Cracks from an earthquake along Highway 178 from Ridgecrest to Trona in California on July 4, 2019. FREDERIC J. BROWN / AFP via Getty Images
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Earthquakes have historically been difficult to predict due to the lack of clear patterns and the fact that the moving and colliding of tectonic plates occurs over long periods. If they were able to be better predicted, many injuries and deaths could be avoided.
Now, an international team led by scientists from the Jackson School of Geosciences at The University of Texas at Austin (UT Austin) has successfully isolated a pattern of “foreshock” tremors in a lab, a press release from UT Austin said. Knowing what this group of smaller tremors that precedes an earthquake looks like offers hope for future forecasts.
“If we’re ever going to predict or forecast earthquakes then we need to be able to measure, characterize, and understand what’s happening right before the earthquake,” said study lead Chas Bolton, who conducted the research while a postdoctoral fellow at the UT’s Institute for Geophysics (UTIG), in the press release. Bolton is currently a research associate at UT Austin’s Bureau of Economic Geology. UTIG and the bureau are both part of the Jackson School of Geosciences.
The study, “Foreshock properties illuminate nucleation processes of slow and fast laboratory earthquakes,” was published in the journal Nature Communications.
Now that the research team has identified a pattern of foreshock tremors, they will replicate them in the real world. Bolton will begin that work in Texas, where the hope is to isolate patterns that are similar from measurements made by TexNet, the state’s seismological network, according to the press release.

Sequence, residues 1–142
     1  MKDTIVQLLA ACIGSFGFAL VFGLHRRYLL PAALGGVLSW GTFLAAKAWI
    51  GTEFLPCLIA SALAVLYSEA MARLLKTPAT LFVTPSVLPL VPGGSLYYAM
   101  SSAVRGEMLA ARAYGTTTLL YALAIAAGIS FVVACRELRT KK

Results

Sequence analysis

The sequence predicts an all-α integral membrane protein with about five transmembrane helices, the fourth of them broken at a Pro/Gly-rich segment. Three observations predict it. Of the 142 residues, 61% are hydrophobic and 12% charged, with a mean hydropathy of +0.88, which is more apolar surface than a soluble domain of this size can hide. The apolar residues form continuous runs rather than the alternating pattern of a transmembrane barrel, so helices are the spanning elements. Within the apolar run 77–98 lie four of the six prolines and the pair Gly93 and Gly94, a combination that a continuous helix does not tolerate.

“Earthquakes happen in irregular cycles, making it difficult to know when or where the next one may strike. Although seismic records show that tremors and other geological movements occur before large earthquakes, earthquake faults produce as many random rumbles as meaningful tremors,” the press release said.
For a long time, scientists have sought to find clues to help predict earthquakes. Bolton approached this problem by sifting through the seismic “noise” of lab-generated earthquakes to search for patterns.
Using a miniature fault made at a Penn State lab, the research team measured the earthquake cycles it produced. During their experiments, the two-inch-long fault produced a pattern of increasingly strong tremors that got closer together as the simulated earthquake approached. This pattern was different from those of slower or weaker earthquakes.
Bolton said the pattern was significant because it meant the tremors were connected to the main earthquake.
“It gives you a physical explanation for what’s controlling the foreshocks,” Bolton said.
It also provides a pattern for researchers to watch out for in the real world.
Detecting these patterns won’t be as straightforward with deep faults that span hundreds of miles. However, co-author Demian Saffer, director of UTIG, said the findings highlight the importance of connecting seismic monitors to real-world faults in order to detect subtle shifts in the Earth.
“If we really want to detect these precursory phenomena, we need sensors and long-term observatories that can monitor these creaks and groans to tell us how the fault is behaving in the lead-up to failure,” Saffer said in the press release.
Currently, Bolton is using an artificial fault that is three feet long at UTIG, which he said will aid in better understanding how the pattern could happen in nature. He is conducting these experiments in addition to his research at TexNet, where he will be looking at tremor sequences associated with earthquakes with a magnitude greater than five. He said he expects results within the next year.